All too often we see specifiers tending towards a default Class S specification without knowing, understanding or considering the other options available when using different combinations of pipe material and bedding design. To help make the options more transparent, British Precast Drainage Association has developed a web-based Structural Design Calculator tool to help with the selection of appropriate bedding Classes for buried pipelines and a second tool – the Material Cost Calculator – to enable a clear cost comparison of different solutions.

Using these calculators allowed Leeds based ground worker and civil engineer Athena Civil Engineering to take the initiative on a new housing development in Roundhay near Leeds, to reduce the amount of primary aggregate used on the drainage works. Their design took into account the understanding that using a full Class S granular bedding in conjunction with large diameter precast concrete pipes is often overspecifying the buried pipeline design.

Working on behalf of housing developer Chartford Homes at their new Hampton Park site, Athena constructed a storm attenuation tank using British Precast Drainage Association member FP McCann’s large diameter reinforced concrete spigot and socket pipes.By adopting a Class B embedment design, Athena has achieved significant cost savings and minimised environmental impact on site without sacrificing installed performance of the completed system.

The attenuation tank set out in four pipe runs consists of 12 standard DN1800 2.5 metre spigot and socket pipes, 4 DN1800 pipes with end caps and 4 DN1800 pipes with end caps and cast in side entry access.

Using the British Precast Drainage Association Structural Design and Material Cost calculators, Athena was able to determine the optimum bedding design to adopt for the project and calculate the cost benefits versus a plastic system with a full Class ‘S’ granular surround.Key inputs into the model included pipe sizes and comparative costs together with imported granular material prices.Consideration was also given to the trench excavated material which was deemed suitable for final backfill purposes.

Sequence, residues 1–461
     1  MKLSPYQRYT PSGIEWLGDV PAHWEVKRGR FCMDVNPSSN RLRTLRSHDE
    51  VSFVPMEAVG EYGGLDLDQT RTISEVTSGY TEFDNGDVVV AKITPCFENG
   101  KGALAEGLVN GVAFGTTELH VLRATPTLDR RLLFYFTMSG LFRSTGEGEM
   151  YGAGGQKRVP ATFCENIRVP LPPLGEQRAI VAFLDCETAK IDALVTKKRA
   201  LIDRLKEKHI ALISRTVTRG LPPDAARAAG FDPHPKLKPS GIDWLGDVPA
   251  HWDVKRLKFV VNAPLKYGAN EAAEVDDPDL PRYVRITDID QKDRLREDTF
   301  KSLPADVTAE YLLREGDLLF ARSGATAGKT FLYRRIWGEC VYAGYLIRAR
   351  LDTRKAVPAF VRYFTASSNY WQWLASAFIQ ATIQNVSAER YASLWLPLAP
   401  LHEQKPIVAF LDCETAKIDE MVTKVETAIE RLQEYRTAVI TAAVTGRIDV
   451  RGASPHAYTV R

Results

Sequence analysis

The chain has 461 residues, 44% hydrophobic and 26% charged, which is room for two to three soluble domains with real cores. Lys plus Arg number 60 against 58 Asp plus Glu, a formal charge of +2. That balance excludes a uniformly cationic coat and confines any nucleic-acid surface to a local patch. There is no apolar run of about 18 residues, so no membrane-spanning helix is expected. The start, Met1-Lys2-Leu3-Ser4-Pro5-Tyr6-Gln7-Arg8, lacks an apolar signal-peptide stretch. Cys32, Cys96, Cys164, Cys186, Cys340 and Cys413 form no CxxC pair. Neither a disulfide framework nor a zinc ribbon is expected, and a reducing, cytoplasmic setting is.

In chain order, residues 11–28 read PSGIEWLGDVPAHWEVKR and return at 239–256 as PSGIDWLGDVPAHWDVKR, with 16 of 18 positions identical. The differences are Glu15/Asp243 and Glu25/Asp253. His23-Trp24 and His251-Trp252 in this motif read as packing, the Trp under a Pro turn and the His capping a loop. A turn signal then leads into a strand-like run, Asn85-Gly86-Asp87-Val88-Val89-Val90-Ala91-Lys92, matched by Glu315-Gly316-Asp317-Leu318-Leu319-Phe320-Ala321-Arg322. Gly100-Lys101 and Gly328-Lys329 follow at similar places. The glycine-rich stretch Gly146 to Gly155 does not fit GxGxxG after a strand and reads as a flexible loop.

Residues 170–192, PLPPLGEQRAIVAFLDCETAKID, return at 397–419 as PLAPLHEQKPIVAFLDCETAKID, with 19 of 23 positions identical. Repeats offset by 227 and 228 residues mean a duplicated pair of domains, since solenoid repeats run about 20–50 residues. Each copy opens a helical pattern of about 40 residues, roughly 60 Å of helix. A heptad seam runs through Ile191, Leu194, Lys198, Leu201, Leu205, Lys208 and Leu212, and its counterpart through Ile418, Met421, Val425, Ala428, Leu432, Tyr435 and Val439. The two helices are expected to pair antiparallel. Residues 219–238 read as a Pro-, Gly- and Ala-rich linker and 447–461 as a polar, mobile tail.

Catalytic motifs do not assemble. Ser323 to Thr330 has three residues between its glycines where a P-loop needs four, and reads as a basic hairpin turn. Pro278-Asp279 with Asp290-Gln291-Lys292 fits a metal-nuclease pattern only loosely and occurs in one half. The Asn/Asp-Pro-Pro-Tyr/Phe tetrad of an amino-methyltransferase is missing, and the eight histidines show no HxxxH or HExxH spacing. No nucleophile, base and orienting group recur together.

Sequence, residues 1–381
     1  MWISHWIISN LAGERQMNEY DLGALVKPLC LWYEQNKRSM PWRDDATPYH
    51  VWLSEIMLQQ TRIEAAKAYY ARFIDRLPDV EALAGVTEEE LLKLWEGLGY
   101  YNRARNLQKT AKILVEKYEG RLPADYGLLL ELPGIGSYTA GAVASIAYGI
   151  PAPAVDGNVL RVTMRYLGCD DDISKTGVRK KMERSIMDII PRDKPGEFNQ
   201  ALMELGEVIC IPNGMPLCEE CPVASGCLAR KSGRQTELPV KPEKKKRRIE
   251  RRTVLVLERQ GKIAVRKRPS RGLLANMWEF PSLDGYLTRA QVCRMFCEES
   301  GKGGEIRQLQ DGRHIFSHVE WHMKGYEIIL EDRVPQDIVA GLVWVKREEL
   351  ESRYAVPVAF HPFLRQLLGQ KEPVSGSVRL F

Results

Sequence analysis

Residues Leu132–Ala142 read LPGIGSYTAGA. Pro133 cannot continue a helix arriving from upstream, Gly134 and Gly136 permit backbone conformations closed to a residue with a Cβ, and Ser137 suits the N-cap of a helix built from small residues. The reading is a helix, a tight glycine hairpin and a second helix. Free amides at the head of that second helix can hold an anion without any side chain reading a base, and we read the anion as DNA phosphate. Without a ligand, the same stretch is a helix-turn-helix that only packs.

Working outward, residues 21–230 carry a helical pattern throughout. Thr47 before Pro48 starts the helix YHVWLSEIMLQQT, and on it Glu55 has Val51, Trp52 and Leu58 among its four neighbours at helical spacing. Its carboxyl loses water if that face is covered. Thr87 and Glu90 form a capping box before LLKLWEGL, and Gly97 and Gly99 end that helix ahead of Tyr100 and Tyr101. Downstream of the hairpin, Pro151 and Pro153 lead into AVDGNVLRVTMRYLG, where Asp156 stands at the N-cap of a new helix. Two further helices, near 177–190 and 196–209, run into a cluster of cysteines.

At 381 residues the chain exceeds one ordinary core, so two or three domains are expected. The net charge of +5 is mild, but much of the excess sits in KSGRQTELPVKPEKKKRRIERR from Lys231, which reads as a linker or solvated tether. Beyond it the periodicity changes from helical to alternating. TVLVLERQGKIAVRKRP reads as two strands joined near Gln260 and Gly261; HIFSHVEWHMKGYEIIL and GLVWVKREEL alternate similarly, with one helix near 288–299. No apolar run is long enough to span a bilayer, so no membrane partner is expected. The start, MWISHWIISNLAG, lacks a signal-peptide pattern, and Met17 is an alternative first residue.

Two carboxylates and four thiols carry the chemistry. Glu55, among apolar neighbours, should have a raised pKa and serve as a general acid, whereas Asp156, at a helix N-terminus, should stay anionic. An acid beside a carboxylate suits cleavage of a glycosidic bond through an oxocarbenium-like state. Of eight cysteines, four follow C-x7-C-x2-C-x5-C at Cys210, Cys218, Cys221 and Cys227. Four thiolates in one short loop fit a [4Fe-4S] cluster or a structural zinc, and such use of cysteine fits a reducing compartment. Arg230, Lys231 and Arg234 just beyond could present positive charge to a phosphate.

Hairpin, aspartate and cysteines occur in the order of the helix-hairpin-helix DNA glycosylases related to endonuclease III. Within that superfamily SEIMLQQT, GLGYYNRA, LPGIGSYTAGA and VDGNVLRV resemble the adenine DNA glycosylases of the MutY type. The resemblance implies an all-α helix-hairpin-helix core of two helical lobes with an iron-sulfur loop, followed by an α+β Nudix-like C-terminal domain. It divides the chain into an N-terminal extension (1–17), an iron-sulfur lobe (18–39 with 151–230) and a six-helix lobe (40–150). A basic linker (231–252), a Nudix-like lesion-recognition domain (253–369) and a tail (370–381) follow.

Commenting on the installation, Jonathan Hotham, project manager for Athena Civil Engineering said: “We had every intention of using plastic pipes on this project, but… the British Precast Drainage Association calculators gave us the opportunity to present a more cost effective and efficient approach to the job to our client and builder, Chartford Homes who took on board our proposal.We shall certainly be using the British Precast Drainage Association Material Cost calculator on future schemes and a closer consideration of pipe choice in conjunction with bedding options will be something we’ll continue to develop.”

With cost under ever more scrutiny on every project, we believe that many engineering firms are, like Athena, open to suggestions of how changes at the design stage can impact on the cost, efficiency and environmental impact of pipeline installations. Bedding design is one area where it is possible to prove the extent of this impact and the British Precast Drainage Association Structural Design and Material Cost calculators can play an important role.

The British Precast Drainage Association Structural Design Calculator can be accessed via with the Material Cost Calculator available at

The Calculators are also available via a Web App for Apple, Android and Amazon platforms at